Australia’s Quickflix Cancels China Takeover Deal

Australian streaming video company Quicklix says it has called off a deal announced earlier this month to acquire a Chinese film and TV firm.

The cancellation is a further blow to Quickflix which is struggling to make headway in the newly competitive Australian online video sector, and follows the cancellation of a previously announced sub-distribution deal with Presto, a larger rival.

The move also follows last week’s closure of EzyFlix, another small streaming company seemingly affected by the arrival of Netflix in Australia. Netflix began operations in March and according to many estimates has already established itself as the market leader.

“Based on due diligence of the Shanghai based company and advice received in relation to Chinese regulations and restrictions, Quickflix has decided that it will not be proceeding with an acquisition,” Quickflix said in a statement on Monday.

“Quickflix recognizes distribution of content into China and of Chinese content to the rest of the world is a significant opportunity and it is continuing to develop a China strategy. Quickflix is also pursuing opportunities for licensing and operating its studio-accredited streaming platform as a branded or white-label service in other international markets,” it concluded.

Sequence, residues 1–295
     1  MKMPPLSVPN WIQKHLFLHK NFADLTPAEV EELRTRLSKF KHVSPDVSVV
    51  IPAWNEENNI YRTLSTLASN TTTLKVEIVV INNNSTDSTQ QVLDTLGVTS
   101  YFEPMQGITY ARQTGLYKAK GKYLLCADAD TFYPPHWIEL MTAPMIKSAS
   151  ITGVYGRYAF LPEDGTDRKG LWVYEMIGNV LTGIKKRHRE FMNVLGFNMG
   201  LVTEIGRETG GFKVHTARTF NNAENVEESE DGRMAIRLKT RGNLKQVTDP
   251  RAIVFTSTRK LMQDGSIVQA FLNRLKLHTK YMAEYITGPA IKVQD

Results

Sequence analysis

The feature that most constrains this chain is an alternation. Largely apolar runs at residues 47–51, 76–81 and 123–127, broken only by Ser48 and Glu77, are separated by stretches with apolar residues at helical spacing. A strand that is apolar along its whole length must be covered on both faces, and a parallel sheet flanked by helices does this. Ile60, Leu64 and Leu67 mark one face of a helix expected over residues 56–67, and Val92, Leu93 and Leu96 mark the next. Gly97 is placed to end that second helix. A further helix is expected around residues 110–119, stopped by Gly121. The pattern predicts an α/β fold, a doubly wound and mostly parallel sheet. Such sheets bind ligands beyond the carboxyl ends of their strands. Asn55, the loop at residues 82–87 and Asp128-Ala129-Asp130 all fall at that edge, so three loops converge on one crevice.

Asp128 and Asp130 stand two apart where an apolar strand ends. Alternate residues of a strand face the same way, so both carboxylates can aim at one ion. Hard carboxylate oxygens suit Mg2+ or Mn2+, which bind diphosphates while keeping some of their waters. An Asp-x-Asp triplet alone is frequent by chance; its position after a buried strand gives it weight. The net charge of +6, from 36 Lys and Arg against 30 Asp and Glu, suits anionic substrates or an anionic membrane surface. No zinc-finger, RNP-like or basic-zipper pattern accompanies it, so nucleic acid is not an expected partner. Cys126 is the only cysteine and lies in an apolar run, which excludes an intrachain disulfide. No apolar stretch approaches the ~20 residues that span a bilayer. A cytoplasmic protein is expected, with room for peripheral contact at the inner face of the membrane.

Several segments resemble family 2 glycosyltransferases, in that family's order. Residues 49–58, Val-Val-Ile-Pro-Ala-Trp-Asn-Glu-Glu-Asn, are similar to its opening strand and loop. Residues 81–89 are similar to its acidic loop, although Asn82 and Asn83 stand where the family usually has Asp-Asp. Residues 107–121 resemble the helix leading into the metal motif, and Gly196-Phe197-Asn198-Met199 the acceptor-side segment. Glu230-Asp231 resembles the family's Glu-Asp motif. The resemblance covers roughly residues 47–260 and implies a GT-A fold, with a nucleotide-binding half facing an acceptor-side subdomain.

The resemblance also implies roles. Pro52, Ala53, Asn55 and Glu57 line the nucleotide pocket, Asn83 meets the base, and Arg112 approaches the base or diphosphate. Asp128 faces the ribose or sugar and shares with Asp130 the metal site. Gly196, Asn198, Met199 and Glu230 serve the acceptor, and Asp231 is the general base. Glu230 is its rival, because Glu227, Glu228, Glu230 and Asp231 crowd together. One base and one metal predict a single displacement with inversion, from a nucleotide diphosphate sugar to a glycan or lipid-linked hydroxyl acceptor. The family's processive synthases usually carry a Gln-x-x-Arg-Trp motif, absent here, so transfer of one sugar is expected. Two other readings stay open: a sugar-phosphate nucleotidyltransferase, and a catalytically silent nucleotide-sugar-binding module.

The company announced on Aug. 5 that a non-binding MOU had been signed with a Chinese firm which it refused to name. At the time it said the potential Chinese partner “produces original Chinese language film and TV, participates in co-production in China and international markets and has a slate of future production including a co-production with a U.S. studio…. [and] is profitable and generates free cash flow.”

The company also said that consolidation of the Chinese company with Quickflix would result in the combined entity having a significantly improved financial outlook and ability to access further capital for future growth.

In its last financial report Quickflix acknowledged a drop in subscriber numbers and reported losses of A$1.1 million. It had less than A$1 million on hand, leading many commentators to believe that Quickflix is in serious trouble and that the Chinese deal would have been a rescue structured as a reverse takeover.

Rival Australian streaming company Stan has a strategic stake in Quickflix and the right to a A$10.5 million pay-out in case of a change of ownership.

Quickflix shares were down by 50% at A$0.001 apiece on Monday following the news.

“Thank you for having been a part of EzyFlix. Access Digital Entertainment has decided to end the service offered on this site,” reads a message on EzyFlix’s website.

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